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The sacroiliac [sak-roh-IL-ee-ak] (SI) joint connects the pelvis to the spine. In a healthy spine, there is usually little to no movement in the SI joint. In sacroiliac joint dysfunction, there is usually more movement than is normal or healthy, and this can create pain in the back, specifically in the low back.

What is Sacroiliac Joint Dysfunction?

The sacroiliac [sak-roh-IL-ee-ak] joint, also called the SI joint, is located at the very bottom of the spine, where your spinal column and pelvic bowl (hips) meet.

This point is where the sacrum [SAY-krum] and iliac [IL-ee-ak] bones meet. The sacrum is made up of the last 5 vertebrae [VER-tih-bray] in your spine, which are fused together. Your iliac bones are the 2 large bones in your right and left hip that, together, make your pelvic bowl. Your sacrum is found right in the middle of the iliac bones on your backside.

The SI joint connects the pelvis to the spine. In a healthy spine, there is usually little-to-no movement in the SI joint.

When the sacroiliac joint is not working properly, there is usually more movement than is normal or healthy, and this can create pain in the back, specifically in the low back.


The main symptom of SI joint problems is pain, typically in the lower back, and almost always on just 1 side. Other symptoms of SI joint function may include:

  • Difficulty or discomfort bending over, especially after you have been sitting for a while
  • Hip pain (can be either hip, or both, although both is less common)
  • Pain that gets better or goes away when you lie down

When to See a Doctor

You should call your doctor if you have any of the following symptoms:

  • Weakness in your legs
  • Sudden numbness or a tingling feeling in your hips or lower back
  • Sudden increase in pain or discomfort
  • Difficulty controlling your urine (pee) or bowel (poop) movements
  • Fever

You should also make an appointment to see your doctor if you experience pain in the low back or hip that does not go away after a few days. Your doctor can help you figure out what is wrong and help you make a plan to get better.


The way our tissues naturally age as we get older is one of the main causes of SI joint problems. Other causes may include:

  • Arthritis or other conditions that cause the cartilage to wear away
  • Difference in leg lengths
  • Pregnancy (as the pelvis widens to prepare for a child’s birth)
  • Trauma [TRAW-mah] from impact (most often, falling and landing hard on your rear end)
  • Tight muscles
  • A history of pelvic injuries, such as fractures

However, SI joint problems most often develop over a long period of time.

Diagnosis and Tests

Your doctor will most likely perform a physical exam. During your exam, your doctor will move your hips and legs around to different positions. If your doctor thinks you may have SI joint problems, they may also request an x-ray or CT scan to help confirm the diagnosis.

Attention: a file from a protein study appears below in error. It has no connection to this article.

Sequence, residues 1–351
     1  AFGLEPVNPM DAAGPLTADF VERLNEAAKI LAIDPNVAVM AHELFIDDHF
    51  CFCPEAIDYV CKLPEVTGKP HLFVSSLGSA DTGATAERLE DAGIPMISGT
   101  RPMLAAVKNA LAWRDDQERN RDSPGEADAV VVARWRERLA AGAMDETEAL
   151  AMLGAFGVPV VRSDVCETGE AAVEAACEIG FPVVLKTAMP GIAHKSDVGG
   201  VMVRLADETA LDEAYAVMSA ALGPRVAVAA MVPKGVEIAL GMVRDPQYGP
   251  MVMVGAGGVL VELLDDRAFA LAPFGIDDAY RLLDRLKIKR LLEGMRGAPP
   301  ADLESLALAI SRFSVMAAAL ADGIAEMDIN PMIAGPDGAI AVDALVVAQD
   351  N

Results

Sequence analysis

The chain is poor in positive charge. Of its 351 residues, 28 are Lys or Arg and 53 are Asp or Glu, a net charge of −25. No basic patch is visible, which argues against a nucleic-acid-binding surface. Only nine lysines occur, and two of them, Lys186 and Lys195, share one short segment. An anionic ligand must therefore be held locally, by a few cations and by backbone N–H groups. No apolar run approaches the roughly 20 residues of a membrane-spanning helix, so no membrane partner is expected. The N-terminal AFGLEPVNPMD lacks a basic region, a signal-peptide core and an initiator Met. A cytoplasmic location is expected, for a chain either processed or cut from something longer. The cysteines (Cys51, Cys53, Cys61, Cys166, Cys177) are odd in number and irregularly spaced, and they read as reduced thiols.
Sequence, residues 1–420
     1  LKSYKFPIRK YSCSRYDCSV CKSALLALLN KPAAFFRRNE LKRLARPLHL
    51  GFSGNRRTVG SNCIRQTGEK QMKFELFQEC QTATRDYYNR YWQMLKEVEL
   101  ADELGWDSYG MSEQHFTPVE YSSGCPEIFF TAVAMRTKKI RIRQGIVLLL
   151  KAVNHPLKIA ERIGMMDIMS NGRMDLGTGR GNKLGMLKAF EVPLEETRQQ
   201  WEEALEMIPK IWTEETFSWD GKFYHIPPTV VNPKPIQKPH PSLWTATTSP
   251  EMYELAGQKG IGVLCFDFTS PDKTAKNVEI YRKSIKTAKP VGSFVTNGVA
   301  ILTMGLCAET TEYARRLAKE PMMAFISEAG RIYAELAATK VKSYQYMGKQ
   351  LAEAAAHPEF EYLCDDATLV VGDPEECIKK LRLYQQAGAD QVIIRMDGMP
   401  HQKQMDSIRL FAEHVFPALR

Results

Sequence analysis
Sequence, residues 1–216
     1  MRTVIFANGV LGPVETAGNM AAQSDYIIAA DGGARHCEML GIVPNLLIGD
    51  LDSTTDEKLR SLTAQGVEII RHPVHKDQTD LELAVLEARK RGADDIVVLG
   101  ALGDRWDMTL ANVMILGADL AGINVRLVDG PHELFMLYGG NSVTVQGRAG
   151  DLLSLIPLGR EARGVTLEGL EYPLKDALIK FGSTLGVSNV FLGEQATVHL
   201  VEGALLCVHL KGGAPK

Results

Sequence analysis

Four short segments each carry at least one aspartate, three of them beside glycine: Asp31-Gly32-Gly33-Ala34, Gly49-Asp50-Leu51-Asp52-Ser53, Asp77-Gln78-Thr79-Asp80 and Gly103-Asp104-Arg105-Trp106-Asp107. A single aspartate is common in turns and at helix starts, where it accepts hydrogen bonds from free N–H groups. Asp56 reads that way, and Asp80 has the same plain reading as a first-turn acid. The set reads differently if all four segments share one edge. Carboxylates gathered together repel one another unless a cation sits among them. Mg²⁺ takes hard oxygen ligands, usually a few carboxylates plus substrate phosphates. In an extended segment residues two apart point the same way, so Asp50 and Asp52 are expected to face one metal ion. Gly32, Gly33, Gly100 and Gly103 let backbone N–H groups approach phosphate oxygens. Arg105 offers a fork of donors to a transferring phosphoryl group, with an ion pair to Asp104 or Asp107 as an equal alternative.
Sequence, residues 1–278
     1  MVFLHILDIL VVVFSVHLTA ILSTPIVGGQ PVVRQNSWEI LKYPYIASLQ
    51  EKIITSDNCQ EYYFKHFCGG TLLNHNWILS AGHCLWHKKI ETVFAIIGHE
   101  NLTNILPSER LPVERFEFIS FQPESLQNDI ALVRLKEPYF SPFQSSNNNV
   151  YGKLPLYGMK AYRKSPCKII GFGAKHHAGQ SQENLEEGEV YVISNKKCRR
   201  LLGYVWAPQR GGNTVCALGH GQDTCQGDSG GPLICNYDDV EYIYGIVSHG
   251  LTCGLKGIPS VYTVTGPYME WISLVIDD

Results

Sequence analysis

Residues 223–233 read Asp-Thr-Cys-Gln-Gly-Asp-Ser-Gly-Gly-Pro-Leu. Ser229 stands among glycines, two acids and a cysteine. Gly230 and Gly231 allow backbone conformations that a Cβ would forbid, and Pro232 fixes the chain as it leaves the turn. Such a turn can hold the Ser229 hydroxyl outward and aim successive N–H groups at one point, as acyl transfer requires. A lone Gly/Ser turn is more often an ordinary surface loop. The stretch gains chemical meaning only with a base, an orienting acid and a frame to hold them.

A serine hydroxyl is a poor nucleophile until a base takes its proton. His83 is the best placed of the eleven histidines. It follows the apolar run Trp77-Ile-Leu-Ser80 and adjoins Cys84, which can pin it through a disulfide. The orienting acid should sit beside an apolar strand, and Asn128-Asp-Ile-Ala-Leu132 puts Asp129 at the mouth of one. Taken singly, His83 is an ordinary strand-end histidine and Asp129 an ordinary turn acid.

To help treat your SI joint problems, there are a number of options to try, including:

  • Rest. Reduce your movement, and stop anything that worsens the pain.
  • Cold therapy. Ice your lower back.  
  • Heat therapy. Use a heating pad on your low back.
  • Massage. Focus on your lower back, buttocks, and thigh muscles.
  • Brace. Try a back support brace, especially when working, standing, or traveling by car.
  • Pain relievers. Try over-the-counter pain medicines. Talk to your doctor about using any of these medicines if you have high blood pressure, heart disease, kidney disease, or a history of stomach ulcers. For pain, you can use:
    • Ibuprofen [ay-byoo-PRO-fen]
    • Naproxen [nah-PROKS-en]
    • Acetaminophen [ah-seet-uh-MEN-oh-fen]
  • Injections. If the pain does not go away after trying the above treatments, your doctor may prescribe one or a series of injections to help you feel better. 
  • Physical therapy. Talk to your doctor to see if this is a good option for you.
  • Surgery. Although it is very rare, if you have tried all of the above options and still are not feeling any better, your doctor may ask you to think about surgery to help improve your condition.

Follow-up Appointments

Your doctor may want to follow up with you during your treatment to see how you are healing. During your follow-ups, your doctor may also request other tests to get a better idea of what your body is doing. These other tests may include:

  • Imaging tests, such as an x-ray or CT scan
  • Blood tests


Unfortunately, a common causes of SI joint dysfunction is the way our tissues naturally degrade as we get older. However, there are some ways you can help reduce your chances of developing SI joint problems, such as:

  • Moving regularly and gently (swimming, walking, yoga, or Pilates)
  • Avoiding injury
  • Using proper body mechanics (posture and alignment)
  • Keeping a healthy weight
  • Eating a balanced diet 

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